Updated Dec 22, 2022 - Economy

Two major FTX figures plead guilty to federal charges

Illustration of a cracked coin with the FTX logo on it

Illustration: Sarah Grillo/Axios

Two major figures in the FTX scandal, company co-founder Gary Wang and former Alameda Research CEO Caroline Ellison, on Wednesday both pleaded guilty to several federal wire fraud and conspiracy charges. Each also was charged with fraud by the SEC and the CFTC.

Why it matters: The close confidants of disgraced crypto entrepreneur Sam Bankman-Fried are cooperating with federal prosecutors, according to U.S. Attorney Damian Williams.

  • Williams added that Bankman-Fried, charged last week with fraud, money laundering and campaign finance violations, was in FBI custody after waiving extradition from the Bahamas and due to arrive in New York Wednesday evening.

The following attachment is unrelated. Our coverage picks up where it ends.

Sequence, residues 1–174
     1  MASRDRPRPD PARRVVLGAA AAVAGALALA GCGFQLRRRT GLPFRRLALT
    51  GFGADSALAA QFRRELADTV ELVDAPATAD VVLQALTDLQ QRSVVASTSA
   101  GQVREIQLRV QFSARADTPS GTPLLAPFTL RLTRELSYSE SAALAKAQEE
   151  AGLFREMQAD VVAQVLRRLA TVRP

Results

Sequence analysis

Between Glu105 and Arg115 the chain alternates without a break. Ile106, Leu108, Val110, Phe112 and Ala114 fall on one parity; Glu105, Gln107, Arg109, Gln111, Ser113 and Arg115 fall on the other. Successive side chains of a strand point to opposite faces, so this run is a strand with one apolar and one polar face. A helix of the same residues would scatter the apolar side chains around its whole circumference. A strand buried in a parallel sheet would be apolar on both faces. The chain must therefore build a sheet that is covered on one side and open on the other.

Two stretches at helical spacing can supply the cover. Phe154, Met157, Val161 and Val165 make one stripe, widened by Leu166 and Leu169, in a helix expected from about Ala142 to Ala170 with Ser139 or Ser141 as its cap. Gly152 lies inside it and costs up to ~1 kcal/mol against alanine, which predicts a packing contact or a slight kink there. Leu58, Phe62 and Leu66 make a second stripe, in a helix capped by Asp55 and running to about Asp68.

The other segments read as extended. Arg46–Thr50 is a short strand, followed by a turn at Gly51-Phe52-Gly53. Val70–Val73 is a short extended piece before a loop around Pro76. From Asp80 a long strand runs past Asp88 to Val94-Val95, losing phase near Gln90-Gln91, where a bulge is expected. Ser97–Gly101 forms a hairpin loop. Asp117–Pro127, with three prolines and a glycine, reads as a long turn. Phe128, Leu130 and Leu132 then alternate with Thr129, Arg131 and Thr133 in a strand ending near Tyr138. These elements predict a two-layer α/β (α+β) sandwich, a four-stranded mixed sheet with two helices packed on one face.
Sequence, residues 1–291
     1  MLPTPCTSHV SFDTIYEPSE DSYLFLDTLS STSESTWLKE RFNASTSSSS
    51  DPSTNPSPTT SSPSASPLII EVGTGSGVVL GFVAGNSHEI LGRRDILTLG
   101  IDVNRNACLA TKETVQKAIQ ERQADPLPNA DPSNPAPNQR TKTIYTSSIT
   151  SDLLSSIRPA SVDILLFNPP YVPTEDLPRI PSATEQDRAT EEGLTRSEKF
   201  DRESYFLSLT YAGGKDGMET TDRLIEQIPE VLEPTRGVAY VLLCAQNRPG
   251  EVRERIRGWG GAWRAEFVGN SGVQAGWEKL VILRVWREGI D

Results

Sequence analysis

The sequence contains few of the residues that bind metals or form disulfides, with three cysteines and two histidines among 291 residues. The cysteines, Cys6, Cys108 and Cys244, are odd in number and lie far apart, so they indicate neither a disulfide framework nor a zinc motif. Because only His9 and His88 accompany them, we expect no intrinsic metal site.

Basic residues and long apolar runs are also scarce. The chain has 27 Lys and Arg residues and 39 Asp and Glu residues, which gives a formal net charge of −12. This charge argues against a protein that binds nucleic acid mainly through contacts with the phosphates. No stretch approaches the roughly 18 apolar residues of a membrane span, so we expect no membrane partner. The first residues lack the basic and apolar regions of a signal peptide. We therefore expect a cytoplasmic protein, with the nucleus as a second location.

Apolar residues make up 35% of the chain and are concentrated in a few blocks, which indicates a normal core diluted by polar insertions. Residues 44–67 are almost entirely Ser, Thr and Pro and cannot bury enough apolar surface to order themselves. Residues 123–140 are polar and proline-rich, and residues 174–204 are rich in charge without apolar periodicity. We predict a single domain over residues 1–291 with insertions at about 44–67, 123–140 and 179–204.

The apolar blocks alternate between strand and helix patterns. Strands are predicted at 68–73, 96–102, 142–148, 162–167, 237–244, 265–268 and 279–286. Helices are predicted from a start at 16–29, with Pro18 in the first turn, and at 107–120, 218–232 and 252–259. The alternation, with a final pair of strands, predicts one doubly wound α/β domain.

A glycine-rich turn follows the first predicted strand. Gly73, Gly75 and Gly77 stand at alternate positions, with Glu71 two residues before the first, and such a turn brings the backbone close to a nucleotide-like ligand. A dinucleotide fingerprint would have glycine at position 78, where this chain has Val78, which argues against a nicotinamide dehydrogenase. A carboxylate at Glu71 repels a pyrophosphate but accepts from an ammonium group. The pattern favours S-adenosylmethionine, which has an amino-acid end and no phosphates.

Details: Ellison pleaded guilty to seven counts total of wire fraud and conspiracy to commit wire fraud, commodities fraud, securities fraud, and money laundering, and faces up to 110 years in prison, according to her unsealed plea agreement.

  • Wang pleaded guilty to four counts total of wire fraud and conspiracy to commit wire fraud, commodities fraud, and securities fraud, and faces up to 50 years behind bars, per his unsealed plea agreement.
  • Both have been released on $250,000 bonds. They could still be prosecuted for tax violations and by other authorities, though the DOJ says it will recommend lighter sentences if they end up being significantly helpful in their cooperation.

Between the lines: Williams noted that Wednesday's announcement is not the last in the case, suggesting more individuals will be charged. Ellison and Wang are cooperating with federal prosecutors.

  • The SEC's complaint similarly noted that "Defendants, together with Samuel Bankman-Fried and others, engaged in a scheme to defraud equity investors." (Italics added by Axios for emphasis.)

Read the SEC complaint, via DocumentCloud:

Editor's notes: The story has been updated with additional about the charges and plea agreements.

Go deeper